Senate Select Committee on Presidential Campaign Activities, June 29, 1973 (2/2)

Caucus Room, Russell Senate Office Building
Year Shot:
1973  (Actual Year)
Tape Master:
Original Film:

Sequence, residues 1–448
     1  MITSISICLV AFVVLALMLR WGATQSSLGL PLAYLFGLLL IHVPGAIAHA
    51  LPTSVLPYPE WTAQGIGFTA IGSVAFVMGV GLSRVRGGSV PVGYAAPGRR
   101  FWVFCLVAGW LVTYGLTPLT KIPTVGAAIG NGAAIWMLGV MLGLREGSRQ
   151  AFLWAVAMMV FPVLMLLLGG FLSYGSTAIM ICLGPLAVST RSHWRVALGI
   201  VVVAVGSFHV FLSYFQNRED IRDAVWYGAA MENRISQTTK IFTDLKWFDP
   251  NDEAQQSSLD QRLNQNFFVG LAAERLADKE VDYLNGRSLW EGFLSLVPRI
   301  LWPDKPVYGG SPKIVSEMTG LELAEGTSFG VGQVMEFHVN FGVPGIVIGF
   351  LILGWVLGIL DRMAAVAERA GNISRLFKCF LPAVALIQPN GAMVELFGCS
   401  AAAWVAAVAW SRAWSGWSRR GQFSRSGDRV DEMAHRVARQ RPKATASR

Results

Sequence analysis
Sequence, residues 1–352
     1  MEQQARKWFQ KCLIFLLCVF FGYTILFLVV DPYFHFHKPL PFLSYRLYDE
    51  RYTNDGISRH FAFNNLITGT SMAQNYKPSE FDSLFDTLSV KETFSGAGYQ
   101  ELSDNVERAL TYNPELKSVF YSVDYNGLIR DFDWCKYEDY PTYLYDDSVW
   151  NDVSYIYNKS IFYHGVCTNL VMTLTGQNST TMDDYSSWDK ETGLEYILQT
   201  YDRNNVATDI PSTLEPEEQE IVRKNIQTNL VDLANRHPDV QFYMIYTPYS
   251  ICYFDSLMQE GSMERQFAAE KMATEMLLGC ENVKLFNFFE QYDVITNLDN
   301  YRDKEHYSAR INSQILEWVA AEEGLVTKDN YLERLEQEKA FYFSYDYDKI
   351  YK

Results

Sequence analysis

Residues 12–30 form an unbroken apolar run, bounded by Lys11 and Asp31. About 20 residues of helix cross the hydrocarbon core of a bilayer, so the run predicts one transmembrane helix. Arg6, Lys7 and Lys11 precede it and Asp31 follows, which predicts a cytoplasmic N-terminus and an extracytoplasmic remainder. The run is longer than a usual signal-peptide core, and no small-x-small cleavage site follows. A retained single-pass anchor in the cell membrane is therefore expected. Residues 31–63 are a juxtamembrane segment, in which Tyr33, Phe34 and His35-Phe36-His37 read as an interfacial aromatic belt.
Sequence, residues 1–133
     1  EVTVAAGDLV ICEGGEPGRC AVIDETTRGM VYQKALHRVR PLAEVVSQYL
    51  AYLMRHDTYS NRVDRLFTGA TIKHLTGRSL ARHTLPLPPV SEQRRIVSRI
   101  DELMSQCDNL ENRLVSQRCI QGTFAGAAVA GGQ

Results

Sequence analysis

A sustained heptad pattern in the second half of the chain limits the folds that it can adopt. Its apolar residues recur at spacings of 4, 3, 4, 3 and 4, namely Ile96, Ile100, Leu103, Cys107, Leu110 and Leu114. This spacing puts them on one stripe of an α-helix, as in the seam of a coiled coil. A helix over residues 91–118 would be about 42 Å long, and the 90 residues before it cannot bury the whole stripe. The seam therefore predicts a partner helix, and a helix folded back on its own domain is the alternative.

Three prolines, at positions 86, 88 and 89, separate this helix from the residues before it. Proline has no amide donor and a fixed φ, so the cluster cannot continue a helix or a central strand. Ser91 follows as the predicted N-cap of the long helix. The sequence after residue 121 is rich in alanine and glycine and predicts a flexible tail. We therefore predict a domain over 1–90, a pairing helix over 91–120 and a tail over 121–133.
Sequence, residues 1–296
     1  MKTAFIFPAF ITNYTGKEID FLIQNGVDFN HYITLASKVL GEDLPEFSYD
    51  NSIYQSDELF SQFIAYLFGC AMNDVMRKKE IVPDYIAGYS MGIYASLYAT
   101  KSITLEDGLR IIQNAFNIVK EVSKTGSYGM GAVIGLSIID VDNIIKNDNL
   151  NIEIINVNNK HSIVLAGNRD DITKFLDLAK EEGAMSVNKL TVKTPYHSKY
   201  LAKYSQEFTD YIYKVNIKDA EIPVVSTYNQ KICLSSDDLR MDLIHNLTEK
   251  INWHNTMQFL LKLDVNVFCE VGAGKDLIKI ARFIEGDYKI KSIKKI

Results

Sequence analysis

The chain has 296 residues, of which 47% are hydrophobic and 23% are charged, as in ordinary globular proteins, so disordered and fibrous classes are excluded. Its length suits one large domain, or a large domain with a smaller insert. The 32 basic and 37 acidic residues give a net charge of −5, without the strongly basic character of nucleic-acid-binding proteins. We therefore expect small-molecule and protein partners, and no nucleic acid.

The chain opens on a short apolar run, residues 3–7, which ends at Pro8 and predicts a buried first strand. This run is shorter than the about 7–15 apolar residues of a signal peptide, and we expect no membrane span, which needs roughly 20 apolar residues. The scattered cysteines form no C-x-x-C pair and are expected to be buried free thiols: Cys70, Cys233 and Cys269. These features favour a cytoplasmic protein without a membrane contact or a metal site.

[01.15.35-DEAN discussing March 22, 1973 meeting with NIXON, HALDEMAN, EHRLICHMAN on maintaining coverup through ERVIN COMMITTEE investigation] At that point. the, President turned to me and said --John, I think that, you ought to go up and discuss with Senator Ervin the parameters of executive privilege" and I said to the President, "I thought that would be very unwise because, I am the, point at, issue in the Gray hearings and I am there negotiating my own position." He agreed. and Mr. Ehrlichman said that he would come, and visit with Senator Ervin on discussing executive privilege vis-a-vis appearances of White House, staff. The meeting was very much of this tenor. There was nothing dramatic that happened. and again this was somewhat to my surprise. The meeting concluded, Haldeman and Ehrlichman departed the, office, Mr. Mitchell stayed 'and had a social conversation -with the President, they were talking about----- Senator BAKER. Were you there at the time? [01.16.31] Mr. DEAN. I -was in and out for this reason, here is a point that I had really forgotten about that, occurred in front of Mr. Mitchell. The President said in front of Mr. Mitchell that "John has been doing an excellent job on this whole problem." and it was just a compliment he paid me in front of Mr. Mitchell. I Was trying to make just make an arrangement for Mr. Mitchell to meet with Paul O'Brien who had been wanting to meet with him and as; you know outside. the President's suite there, there is an empty office that he makes available for guests. I was talking to the, receptionist as to Mr. Mitchell's availability of that. I went even to that office myself I called my secretary to tell her to make arrangements for Mr. O'Brien to come over to meet with Mr. Mitchell in that office. I meanwhile went back in the President's office and told the President and Mr. Mitchell that that office had been set up and that my secretary was trying to arrange the meeting so that Mr. O'Brien and Mr. Mitchell could meet and, as I recall, I departed then for Mr. Ziegler's office, again to see, what had happened with the White House response on Mr. Gray's statement regarding myself. Senator BAKER. All right. Does that conclude the important aspects of the March 22 meeting? Mr. DEAN. I think that does; yes. Senator BAKER. And once again with the caveat that whatever else you have said in your prepared statement will be incorporated for the purposes of our colloquy here. [01.18.05] Do we move then to April 15? Mr. DEAN. That is correct. Senator BAKER. All right. Would you go ahead, please. Mr. DEAN. Well, I might add, now, I had a conversation with the President on March 23. Senator BAKER. All right. Would you tell us about that? Mr. DEAN. The President suggested, as he had on previous occasions, and in fact my wife and I had talked about it, he had said, "John, have, you ever been up to Camp David," and I said "Well, only once on a very brief visit" which had been on November 15, Senator BAKER. Where was this conversation? Mr. DEAN. These were in the Oval Office and they would come up at the end of a meeting or something in which he had suggested I go to Camp David to enjoy Camp David. Senator BAKER. What time during the day of March 23? Mr. DEAN. Did I receive the call? Senator BAKER. I am not quite sure I understand. Mr. DEAN. All right. Senator BAKER. There was a meeting 'with the President. [01.19.00] Mr. DEAN. I was referring to the fact that, I know there has been some--I have read in the press that, you know, the President was continually trying to send me to Camp David. Well, the invitations I was getting to go to Camp David were not to go for any personal reasons other than to go up and enjoy Camp David and relax as during the Gray hearings as my name was coming more to the forefront and the President was telling me, "Don't bother to read the newspaper, I have been through this sort of thing before," and he told me, that on countless occasions to ignore the newspapers and not let this get to me. And I had relayed this to my wife and told her that the President had been very gracious in saying that we should go to Camp David and enjoy the facilities up there. [01.19.45] Senator BAKER. Was there a meeting on March 23? Mr. DEAN. No; there was a telephone call that came in, it must have been after lunch time, some time, I don't recall precisely when, what hour, but we arrived there at about 3:30 or so. so I would say that the call probably came in, given the fact that it is about over a 2-hour ride, about 1, 1:30 or so, and I would assume the President was calling, by then he had left for Florida. [01.20.18] The President said to me, he said. the most interesting thing I remember that is relevant to your inquiry now is, he said, "Well, John, your prediction is correct." That was in reference to the fact on the 21st I told him I thought one of the defendants, would--would not remain, not all the defendants would remain silent and here in fact this had occurred when Mr. McCord had submitted his letter to the court on the 23d. [01.20.48-BAKER continues to examine DEAN'S conversations with NIXON at a point when the COVERUP was in serious jeopardy] Senator BAKER. Let's examine that just a Moment, Mr. Dean. Did the President say that, you were proved correct because McCord has said so and so or is this an inference you draw from the circumstances? Mr. DEAN. Well, he was quite aware of the fact that McCord had, in the conversation that came up he was aware of the fact, that McCord's letter had been read in court that morning. Senator BAKER. Tell me what he said, please? Mr. DEAN. He just acknowledged the fact that he was aware of Mr. McCord having submitted a letter to the court. Senator BAKER. Can you recall the language? Mr. DEAN. No; I cannot, [01.21.26]